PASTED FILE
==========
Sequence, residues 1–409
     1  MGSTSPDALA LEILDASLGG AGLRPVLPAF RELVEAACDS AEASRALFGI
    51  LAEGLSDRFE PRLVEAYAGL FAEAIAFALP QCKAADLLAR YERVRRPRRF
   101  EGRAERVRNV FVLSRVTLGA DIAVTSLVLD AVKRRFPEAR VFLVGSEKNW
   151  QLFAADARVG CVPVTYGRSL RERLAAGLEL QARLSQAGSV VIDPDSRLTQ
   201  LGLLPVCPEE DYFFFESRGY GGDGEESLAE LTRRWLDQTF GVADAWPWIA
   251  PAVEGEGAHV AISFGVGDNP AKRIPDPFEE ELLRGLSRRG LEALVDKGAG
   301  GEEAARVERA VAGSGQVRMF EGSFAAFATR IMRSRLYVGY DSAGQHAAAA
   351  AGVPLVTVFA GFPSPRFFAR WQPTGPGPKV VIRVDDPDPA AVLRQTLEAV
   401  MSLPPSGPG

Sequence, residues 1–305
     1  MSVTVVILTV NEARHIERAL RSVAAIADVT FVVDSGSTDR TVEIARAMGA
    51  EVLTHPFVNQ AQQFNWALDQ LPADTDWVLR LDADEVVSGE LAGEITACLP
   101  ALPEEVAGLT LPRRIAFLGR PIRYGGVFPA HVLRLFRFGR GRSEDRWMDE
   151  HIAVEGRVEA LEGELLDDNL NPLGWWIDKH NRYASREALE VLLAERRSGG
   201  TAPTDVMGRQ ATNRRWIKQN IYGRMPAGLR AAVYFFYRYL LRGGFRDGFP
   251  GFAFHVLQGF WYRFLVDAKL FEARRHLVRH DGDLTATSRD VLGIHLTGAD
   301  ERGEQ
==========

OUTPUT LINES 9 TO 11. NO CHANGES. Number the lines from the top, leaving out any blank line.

   351  AGVPLVTVFA GFPSPRFFAR WQPTGPGPKV VIRVDDPDPA AVLRQTLEAV
   401  MSLPPSGPG

Sequence, residues 1–305